Depression is predicted to become the leading cause of disability in high income countries by 2030, and currently only a third of patients with depression respond fully to antidepressant medication.
Only a third of patients with depression respond fully to antidepressant medication but little evidence exists regarding the best next-step treatment for those whose symptoms are treatment resistant.
The CoBalT trial aimed to examine the effectiveness of cognitive behavioural therapy (CBT) as an adjunct to usual care (including pharmacotherapy) for primary care patients with treatment resistant depression compared with usual care alone.
In an Article, Nicola Wiles and colleagues present the results of the CoBalT trial which demonstrates the effectiveness of CBT in reducing depression. A total of 469 patients were recruited to this large scale randomised trial, and results show that 46% of participants who received CBT in addition to usual care reported at least a 50% reduction in depressive symptoms, compared with 22% of those who continued with treatment as usual.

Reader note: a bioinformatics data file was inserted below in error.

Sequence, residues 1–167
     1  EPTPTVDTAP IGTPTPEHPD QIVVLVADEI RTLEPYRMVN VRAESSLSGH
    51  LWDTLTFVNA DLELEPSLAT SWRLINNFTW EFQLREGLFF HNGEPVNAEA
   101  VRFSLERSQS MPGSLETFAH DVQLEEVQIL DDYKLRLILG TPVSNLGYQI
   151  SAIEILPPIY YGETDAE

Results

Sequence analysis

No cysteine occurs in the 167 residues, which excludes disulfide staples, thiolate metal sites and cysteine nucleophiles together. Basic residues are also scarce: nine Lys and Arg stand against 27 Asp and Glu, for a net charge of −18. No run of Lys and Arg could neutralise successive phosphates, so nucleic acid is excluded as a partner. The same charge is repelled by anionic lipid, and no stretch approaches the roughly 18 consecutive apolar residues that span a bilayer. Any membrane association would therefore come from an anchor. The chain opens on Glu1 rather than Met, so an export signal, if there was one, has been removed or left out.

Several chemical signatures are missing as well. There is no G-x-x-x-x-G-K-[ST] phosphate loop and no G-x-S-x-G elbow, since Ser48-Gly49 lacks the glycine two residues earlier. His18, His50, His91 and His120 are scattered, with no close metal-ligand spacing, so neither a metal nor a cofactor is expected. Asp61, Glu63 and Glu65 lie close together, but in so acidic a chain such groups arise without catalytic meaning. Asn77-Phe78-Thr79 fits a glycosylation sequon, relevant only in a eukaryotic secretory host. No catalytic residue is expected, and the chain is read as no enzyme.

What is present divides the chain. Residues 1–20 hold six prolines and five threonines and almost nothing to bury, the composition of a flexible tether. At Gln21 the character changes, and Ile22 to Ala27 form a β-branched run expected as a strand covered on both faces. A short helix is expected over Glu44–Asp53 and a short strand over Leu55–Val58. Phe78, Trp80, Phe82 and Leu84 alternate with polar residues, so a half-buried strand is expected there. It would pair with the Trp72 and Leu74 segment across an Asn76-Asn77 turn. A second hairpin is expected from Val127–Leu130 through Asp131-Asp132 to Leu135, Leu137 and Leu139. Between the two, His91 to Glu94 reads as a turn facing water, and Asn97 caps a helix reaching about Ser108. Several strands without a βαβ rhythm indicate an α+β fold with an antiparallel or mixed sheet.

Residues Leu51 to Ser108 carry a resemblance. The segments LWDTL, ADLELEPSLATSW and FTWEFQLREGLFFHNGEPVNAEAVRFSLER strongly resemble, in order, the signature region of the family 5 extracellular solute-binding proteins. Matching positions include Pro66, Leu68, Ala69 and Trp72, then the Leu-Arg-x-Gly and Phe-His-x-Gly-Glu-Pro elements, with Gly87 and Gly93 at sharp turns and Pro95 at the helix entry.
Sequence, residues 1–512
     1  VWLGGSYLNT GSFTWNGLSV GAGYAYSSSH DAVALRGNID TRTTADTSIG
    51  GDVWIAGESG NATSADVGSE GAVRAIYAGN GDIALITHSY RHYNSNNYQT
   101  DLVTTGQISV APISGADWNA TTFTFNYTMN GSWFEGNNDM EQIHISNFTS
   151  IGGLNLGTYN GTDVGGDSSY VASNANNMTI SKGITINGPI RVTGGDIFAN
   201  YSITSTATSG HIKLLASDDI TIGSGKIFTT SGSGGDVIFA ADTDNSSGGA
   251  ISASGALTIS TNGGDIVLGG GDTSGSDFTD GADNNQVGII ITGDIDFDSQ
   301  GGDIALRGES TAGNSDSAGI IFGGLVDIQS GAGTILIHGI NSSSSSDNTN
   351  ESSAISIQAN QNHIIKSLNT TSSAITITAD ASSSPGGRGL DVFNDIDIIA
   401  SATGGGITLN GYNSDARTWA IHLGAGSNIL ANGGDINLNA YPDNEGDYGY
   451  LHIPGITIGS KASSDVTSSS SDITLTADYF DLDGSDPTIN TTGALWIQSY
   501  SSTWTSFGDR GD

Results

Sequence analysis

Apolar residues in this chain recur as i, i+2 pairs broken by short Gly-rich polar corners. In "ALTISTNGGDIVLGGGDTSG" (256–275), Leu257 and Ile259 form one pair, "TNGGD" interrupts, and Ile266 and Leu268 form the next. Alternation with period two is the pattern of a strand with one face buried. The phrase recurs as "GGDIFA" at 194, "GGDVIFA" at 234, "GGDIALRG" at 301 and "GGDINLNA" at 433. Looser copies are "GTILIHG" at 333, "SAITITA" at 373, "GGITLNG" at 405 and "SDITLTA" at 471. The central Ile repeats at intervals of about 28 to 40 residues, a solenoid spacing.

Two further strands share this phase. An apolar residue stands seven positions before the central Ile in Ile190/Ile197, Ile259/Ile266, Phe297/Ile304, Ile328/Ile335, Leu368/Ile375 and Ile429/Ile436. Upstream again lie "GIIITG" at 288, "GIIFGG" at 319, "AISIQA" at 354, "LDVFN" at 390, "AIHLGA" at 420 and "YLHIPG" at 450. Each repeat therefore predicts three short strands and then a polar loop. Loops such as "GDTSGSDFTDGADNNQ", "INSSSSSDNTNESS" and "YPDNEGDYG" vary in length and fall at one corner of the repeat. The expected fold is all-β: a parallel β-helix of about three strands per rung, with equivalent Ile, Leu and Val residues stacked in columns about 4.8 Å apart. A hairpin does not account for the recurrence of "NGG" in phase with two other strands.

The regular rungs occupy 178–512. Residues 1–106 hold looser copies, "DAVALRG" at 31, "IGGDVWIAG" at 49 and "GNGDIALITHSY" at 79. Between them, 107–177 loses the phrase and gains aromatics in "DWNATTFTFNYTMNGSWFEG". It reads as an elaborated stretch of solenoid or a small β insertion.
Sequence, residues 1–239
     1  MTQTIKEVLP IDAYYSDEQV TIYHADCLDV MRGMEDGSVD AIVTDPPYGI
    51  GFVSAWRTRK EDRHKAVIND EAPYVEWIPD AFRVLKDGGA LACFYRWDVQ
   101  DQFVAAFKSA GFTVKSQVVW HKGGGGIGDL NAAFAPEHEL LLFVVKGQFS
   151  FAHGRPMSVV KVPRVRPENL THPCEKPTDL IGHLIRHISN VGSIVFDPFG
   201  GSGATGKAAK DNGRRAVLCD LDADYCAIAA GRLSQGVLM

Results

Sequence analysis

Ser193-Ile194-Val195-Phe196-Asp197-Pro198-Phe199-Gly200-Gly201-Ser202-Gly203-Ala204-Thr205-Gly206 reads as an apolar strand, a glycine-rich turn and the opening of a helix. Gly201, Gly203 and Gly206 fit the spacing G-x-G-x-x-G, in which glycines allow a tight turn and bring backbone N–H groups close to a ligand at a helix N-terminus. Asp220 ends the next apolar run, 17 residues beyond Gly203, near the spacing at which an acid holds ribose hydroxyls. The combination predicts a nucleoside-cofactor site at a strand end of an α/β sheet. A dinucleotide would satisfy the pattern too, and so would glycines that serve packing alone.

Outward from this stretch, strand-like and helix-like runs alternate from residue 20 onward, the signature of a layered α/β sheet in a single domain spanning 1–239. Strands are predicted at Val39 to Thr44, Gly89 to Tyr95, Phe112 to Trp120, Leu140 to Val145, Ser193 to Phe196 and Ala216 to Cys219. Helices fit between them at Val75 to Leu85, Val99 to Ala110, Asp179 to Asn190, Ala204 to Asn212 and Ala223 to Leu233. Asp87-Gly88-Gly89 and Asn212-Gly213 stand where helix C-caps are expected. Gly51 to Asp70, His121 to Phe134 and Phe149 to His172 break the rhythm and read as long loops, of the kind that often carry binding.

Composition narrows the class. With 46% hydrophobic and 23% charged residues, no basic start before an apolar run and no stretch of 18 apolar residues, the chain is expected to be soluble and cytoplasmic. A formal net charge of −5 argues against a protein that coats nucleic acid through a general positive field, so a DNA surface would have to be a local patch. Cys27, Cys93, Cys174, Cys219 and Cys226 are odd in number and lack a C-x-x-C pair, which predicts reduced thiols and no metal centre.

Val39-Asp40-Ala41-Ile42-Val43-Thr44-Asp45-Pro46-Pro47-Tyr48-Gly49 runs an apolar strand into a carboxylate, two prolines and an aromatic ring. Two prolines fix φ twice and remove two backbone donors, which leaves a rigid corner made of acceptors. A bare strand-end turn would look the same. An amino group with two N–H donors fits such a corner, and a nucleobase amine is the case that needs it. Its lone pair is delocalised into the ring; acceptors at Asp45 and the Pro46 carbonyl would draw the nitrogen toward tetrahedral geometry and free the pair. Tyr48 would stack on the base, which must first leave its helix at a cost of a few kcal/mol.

Before this study, no evidence from large-scale randomised controlled trials was available for the effectiveness of augmentation of antidepressant medication with CBT as a next-step for patients whose depression has not responded to pharmacotherapy. Our study has provided robust evidence that CBT as an adjunct to usual care that includes antidepressants is an effective treatment, reducing depressive symptoms in this population.
Source: Lancet, UK